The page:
Bretton Woods

New Hampshire is a gentle state. Unassuming, and bountifully peaceful. A leisurely ride along U.S. 302 through the White Mountain National Forest underlines that sense of peace and punctuates it with a tiny bit of history. It is called Bretton Woods. It was there in a rambling summer resort back in July of 1944, that 44-nations met to plan for the post-world War II economic recovery.

The Mount Washington Hotel where the conference took place is still a thriving resort today. It’s wraparound veranda frames the magnificent Mount Washington and other peaks in the Presidential Range.

Financial leaders, back then, talked, an negotiated and discussed and simplified, a way to make international monetary policies fair and workable following the expense of World War Two. The conference lasted 20-days.

The Bretton Woods accord basically created a system of fixed exchange rates. The value of the Dollar was set a $35 per oz of gold. All other currencies were pegged to the dollar and respective countries were obliged to maintain their currencies value.

The agreement maintained an economic stability for twenty years, but eventually hugh balance of payments deficits shook its foundation and finally in 1971 President Nixon ended it by cutting the link between the dollar and gold.

The arrangement was so successful, 15 years after its collapse many economists and politicians today long for a return to Bretton Woods.

We’ve Lost Our Common Sense

I’ve always thought teaching was the noble profession. I still do, but I have second thoughts when I read about some of the things happening in our schools these days.

There was a teenager in a Texas classroom that was suspended for two days for taking a cell phone call from his Dad who is serving in Iraq. The school has a policy of not allowing students to use cell phones in class. Apparently a teacher saw him answering his cell phone as he walked out of class and the kid was punished by suspension for two days.

Where is the common sense of the Copperas Cove High School authorities?

All of us understand the need for rules, but some rules must have exceptions and this was one of them. If school authorities cannot see that rigid intolerance belies learning then they ought not be in education for when the absolute becomes rigid, learning suffers.

Other examples: One school has a rule of no tactical exchanges between students. One little girl hugged another because she heard the other child’s Mother had just died. The kid was briefly suspended from school.

A few years ago the school board in Altoona, Pennsylvania had a policy allowing historical or religious documents to be displayed for 25 days in the school building.

The Ten Commandments was the first posting.

The caveat was that no document could show disrespect to an individual, ethnic group or religion.

Then the school board learned that the Baha’i faith, Wicca, atheism and gay rights history were to be displayed, they quickly voted unanimously to stop considering documents for display.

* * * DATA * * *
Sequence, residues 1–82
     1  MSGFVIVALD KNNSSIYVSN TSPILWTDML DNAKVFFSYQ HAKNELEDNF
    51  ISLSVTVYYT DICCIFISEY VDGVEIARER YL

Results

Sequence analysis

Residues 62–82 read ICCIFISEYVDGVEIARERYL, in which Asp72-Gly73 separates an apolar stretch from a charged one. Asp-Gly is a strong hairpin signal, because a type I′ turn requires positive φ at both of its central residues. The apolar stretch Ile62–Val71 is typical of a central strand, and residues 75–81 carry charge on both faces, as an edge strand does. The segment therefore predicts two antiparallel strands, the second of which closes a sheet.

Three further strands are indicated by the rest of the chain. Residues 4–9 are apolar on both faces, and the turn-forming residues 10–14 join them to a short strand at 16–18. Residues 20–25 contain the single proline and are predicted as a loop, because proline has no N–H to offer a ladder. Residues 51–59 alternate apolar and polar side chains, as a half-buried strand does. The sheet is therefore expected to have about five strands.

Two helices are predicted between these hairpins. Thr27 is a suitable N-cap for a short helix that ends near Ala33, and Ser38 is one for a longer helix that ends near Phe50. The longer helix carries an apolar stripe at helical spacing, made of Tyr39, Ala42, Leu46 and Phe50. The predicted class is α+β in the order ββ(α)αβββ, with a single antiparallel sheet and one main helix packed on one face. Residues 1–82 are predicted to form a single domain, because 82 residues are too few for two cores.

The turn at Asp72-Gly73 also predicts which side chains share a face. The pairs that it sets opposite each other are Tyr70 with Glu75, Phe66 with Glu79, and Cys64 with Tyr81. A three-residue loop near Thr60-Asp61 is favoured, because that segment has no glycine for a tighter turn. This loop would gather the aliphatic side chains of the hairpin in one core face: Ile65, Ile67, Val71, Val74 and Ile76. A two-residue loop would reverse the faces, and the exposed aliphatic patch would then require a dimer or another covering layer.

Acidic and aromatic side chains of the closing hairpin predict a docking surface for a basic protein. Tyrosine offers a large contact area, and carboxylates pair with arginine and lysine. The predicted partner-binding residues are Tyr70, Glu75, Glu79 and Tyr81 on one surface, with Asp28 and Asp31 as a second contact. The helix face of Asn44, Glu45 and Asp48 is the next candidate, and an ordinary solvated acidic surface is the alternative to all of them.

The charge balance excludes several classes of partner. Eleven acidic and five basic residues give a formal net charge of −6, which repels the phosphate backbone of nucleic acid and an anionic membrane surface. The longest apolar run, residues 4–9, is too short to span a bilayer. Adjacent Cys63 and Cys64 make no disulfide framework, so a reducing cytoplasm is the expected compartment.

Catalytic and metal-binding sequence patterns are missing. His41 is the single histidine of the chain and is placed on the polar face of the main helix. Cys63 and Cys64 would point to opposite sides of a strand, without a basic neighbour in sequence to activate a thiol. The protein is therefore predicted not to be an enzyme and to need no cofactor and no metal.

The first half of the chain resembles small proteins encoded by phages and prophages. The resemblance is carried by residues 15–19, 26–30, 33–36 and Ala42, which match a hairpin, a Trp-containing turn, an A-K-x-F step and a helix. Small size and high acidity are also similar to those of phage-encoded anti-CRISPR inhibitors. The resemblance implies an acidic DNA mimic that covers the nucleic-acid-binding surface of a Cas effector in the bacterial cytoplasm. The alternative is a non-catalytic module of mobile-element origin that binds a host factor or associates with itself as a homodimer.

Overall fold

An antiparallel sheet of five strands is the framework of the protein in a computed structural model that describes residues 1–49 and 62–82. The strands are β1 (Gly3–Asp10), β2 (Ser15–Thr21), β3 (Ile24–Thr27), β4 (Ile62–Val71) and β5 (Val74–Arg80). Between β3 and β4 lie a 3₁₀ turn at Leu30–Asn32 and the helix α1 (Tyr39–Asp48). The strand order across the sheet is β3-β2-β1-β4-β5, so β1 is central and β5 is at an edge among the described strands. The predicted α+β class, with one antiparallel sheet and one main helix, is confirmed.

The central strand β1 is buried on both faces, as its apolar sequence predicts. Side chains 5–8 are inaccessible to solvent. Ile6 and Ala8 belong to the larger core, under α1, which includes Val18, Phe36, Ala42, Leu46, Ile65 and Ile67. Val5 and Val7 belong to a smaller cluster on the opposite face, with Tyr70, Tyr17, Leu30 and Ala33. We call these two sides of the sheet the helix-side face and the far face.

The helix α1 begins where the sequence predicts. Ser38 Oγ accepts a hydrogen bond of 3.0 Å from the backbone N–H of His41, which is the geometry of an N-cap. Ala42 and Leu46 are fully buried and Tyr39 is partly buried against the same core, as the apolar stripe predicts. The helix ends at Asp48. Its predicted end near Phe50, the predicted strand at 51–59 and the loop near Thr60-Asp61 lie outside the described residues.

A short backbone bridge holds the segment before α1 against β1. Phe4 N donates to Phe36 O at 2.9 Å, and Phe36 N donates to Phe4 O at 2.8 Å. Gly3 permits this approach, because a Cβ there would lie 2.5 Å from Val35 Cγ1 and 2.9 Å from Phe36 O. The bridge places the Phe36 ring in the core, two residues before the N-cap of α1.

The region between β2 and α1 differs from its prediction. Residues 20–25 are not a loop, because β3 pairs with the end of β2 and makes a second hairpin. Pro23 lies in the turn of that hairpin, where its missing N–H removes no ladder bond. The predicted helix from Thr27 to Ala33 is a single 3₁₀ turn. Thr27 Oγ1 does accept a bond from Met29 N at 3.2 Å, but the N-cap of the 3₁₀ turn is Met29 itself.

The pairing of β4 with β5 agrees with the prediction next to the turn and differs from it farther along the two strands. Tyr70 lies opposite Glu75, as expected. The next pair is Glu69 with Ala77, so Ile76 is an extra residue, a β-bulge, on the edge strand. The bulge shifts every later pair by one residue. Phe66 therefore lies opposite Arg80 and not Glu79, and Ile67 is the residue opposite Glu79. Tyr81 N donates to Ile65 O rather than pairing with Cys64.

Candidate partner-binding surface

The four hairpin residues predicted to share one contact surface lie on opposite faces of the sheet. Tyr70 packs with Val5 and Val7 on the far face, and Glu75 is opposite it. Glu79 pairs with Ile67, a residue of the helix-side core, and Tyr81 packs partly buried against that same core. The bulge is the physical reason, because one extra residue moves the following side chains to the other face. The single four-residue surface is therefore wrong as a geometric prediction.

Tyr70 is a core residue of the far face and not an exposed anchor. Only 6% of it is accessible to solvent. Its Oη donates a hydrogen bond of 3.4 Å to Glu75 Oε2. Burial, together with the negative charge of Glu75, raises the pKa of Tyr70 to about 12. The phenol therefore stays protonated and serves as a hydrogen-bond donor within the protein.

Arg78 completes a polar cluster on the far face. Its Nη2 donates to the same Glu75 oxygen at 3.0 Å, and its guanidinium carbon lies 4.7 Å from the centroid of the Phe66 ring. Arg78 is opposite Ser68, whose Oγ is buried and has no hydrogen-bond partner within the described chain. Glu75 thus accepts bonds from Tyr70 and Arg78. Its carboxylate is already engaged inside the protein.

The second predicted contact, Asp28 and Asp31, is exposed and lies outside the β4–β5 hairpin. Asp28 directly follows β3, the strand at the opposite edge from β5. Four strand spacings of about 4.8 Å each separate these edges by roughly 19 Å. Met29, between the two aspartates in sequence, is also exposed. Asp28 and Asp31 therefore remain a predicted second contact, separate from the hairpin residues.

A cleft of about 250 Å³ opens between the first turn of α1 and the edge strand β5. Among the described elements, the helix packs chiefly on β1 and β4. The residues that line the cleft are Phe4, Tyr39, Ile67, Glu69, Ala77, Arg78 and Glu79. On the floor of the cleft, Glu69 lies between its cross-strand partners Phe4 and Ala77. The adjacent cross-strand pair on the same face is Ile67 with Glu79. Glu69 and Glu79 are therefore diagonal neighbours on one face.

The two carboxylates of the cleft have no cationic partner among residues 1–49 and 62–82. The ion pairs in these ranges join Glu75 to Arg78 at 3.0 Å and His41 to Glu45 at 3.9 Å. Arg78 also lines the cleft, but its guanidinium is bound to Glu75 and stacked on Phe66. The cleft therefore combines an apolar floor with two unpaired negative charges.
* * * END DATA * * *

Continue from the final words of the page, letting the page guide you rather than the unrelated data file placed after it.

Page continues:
Rather than take away the words or images and icons of various beliefs, because they are controversial. Rather than hide them in textbooks on dusty shelves, perhaps the school board should have considered festooning the school with many documents as they walls could hold. And while they’re at it, hang the paintings and pictures of the great teachers from many beliefs.

Moses, Mohammed, Jesus, Vishnu, Gandhi, Zoroaster, Chief Seattle, Buddha and many more. Our children need examples of inspiration, not intolerance and fear.

Campaign Bickering

Unfortunately this Democratic Presidential campaign has debased into the common denominator of bickering. We continue, after the Pennsylvania debate on ABC, to have a litany of finger pointing. He did this. She said that. Her action is worse than mine. He’s an elitist. He or she attacked first. It’s interesting most of us don’t tolerate that behavior in our children, why should we in our candidates.

So far, in this Presidential candidate selection campaign, the issues have received short shrift, while the personality, integrity, and history of each candidate has come under personal attack.

Most people want, not only their candidates, but the opposition too, to tell us where they stand on issues that concern us. And just once, I’d like to hear one candidate say of another, he or she has a good heart and the best intentions, but I think my way is better for you and here’s why.

The issues for American voters is not who knows whom. Who worked with whom and what did it mean, if anything.

The issues are living wage jobs, affordable health care, a solid and competitive education, a clean and sustainable environment, safe streets, a reasonable fuel price and drug free neighborhoods.

Debate these things and you have a legitimate candidacy of service. Debate the other stuff and you’re only interested in getting elected.

Gobbleygook

We all get junk mail, both at home and now on the internet. Spamming is commonplace and most of us dump the unsolicited junk emails without reading them.

Something came across my electronic desk today that made me pause and reflect about our bureaucracy and the excess governmental verbiage called gobbledygook. I don’t know who wrote it. It was forwarded without attribution.

The truth of the adage that “less is more” is proven in the following email.

The Pythagorean theorem is explained in 24 words.
Archimedes’ Principle: 67 words
The 10 commandments: 179 words
The Gettysburg Address: 286 words
The Declaration of Independence: 1,300 words
The US Government regulations on the sale of cabbage: 26,911 words.

Need I say more?